One of the reasons cars cost what they do is because they're made with a lot of stamped steel and aluminum, and those materials, not to mention the tooling they require, ain't cheap. So Canadian designer Darren McKeage and his company, Motive Industries Inc., are attempting to skirt those manufacturing costs by building a car from biocomposite materials derived from hemb fiber. Called the Kestrel, the car was unveiled to the public last month.
The car's design features bio-composite materials and innovative tooling and part-molding techniques that Motive says will permit profitable manufacture of the Kestrel at smaller initial volumes than traditional stamped-steel or aluminum vehicles. "The cost to tool a traditional vehicle is in the hundreds of millions [of dollars]," explains company president Nathan Armstrong. "The techniques we are using will allow us to scale up the tooling and manufacturing process as demand increases, with ramp-up costs affordable for a new company...."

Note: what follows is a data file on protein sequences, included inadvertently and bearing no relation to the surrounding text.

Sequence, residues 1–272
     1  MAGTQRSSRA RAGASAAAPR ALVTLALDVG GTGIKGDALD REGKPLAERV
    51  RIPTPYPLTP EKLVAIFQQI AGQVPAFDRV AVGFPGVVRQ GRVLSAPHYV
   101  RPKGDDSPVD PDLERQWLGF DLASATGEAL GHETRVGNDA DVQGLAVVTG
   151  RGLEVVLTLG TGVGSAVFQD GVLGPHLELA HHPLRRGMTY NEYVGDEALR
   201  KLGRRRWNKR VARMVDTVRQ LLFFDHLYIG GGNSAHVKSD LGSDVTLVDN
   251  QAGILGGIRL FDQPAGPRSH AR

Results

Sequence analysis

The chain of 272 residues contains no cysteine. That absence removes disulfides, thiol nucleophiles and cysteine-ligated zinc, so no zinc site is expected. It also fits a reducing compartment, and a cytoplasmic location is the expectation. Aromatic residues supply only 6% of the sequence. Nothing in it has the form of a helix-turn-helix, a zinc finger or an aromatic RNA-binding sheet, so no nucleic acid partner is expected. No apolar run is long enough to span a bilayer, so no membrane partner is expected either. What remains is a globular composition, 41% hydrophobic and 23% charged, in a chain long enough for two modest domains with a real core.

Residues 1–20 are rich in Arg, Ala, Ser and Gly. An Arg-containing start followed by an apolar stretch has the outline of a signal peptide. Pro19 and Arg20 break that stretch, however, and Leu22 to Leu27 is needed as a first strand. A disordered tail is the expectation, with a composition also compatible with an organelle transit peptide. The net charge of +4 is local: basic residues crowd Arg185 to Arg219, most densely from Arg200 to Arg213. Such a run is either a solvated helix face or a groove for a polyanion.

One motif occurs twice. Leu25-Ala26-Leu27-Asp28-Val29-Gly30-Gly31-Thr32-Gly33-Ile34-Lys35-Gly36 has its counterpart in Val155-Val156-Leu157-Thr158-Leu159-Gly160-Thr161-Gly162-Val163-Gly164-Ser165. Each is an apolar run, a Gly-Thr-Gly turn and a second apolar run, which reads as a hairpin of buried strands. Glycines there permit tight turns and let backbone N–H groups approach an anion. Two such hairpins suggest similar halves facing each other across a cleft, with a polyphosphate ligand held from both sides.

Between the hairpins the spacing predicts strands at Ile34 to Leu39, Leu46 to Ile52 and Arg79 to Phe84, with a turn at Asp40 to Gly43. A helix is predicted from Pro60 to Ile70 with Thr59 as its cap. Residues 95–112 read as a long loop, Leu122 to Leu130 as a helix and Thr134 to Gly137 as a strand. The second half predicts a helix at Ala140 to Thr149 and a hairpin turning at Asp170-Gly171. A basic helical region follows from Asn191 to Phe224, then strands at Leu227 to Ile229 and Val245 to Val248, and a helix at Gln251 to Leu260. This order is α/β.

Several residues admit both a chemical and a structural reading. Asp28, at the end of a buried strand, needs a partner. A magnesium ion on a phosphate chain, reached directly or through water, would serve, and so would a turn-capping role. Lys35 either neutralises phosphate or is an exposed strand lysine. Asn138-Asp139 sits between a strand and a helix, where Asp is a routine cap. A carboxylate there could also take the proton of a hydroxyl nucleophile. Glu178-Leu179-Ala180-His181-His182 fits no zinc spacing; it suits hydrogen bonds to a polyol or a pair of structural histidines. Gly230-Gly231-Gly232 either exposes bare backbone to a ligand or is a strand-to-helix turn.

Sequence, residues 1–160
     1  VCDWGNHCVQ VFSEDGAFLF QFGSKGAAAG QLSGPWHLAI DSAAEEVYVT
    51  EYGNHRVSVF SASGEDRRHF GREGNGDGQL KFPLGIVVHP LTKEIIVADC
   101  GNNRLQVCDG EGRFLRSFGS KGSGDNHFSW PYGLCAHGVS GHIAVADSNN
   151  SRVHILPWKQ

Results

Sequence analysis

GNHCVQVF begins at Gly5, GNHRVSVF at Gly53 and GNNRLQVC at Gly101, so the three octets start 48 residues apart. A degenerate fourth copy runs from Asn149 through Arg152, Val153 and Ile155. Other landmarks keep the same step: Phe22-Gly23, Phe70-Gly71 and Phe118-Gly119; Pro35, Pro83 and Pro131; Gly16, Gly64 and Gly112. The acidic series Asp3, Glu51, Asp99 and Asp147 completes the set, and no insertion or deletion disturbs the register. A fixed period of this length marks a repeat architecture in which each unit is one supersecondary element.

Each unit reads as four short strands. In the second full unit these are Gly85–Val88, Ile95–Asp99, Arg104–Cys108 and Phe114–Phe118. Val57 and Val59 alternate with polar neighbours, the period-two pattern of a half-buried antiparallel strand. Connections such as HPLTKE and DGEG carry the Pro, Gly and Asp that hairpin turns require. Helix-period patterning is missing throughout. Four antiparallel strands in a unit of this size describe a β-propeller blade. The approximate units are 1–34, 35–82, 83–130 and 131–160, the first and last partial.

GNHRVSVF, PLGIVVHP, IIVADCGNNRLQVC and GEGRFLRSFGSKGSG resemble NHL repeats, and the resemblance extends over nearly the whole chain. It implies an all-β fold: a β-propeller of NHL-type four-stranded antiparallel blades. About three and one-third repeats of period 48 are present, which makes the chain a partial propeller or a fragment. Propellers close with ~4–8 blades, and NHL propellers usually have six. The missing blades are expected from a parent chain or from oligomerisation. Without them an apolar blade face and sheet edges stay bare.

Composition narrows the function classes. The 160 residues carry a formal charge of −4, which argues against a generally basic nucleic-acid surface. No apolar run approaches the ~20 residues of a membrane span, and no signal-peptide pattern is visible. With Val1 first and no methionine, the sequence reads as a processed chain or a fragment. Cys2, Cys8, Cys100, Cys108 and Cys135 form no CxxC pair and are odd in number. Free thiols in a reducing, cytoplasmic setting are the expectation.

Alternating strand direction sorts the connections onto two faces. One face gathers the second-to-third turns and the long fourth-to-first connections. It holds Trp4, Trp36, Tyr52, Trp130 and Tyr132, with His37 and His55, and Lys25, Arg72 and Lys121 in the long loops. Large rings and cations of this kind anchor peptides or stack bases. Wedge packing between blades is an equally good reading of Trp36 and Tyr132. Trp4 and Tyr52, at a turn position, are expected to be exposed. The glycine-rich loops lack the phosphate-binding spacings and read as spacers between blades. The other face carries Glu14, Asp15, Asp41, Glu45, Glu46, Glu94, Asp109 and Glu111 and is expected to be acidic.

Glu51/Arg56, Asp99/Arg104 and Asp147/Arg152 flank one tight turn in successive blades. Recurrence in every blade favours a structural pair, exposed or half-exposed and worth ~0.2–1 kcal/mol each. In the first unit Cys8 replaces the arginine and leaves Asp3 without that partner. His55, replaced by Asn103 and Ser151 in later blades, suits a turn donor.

...Composites also will increase impact absorption and rust resistance. "Composite materials have been used in advanced applications for many years because of [their] relative light weight and ability to absorb impact loads," says Armstrong.
Designed to run on a lithium-ion battery, the lightweight car (under 2,000 lbs) is slated to see production in 2012.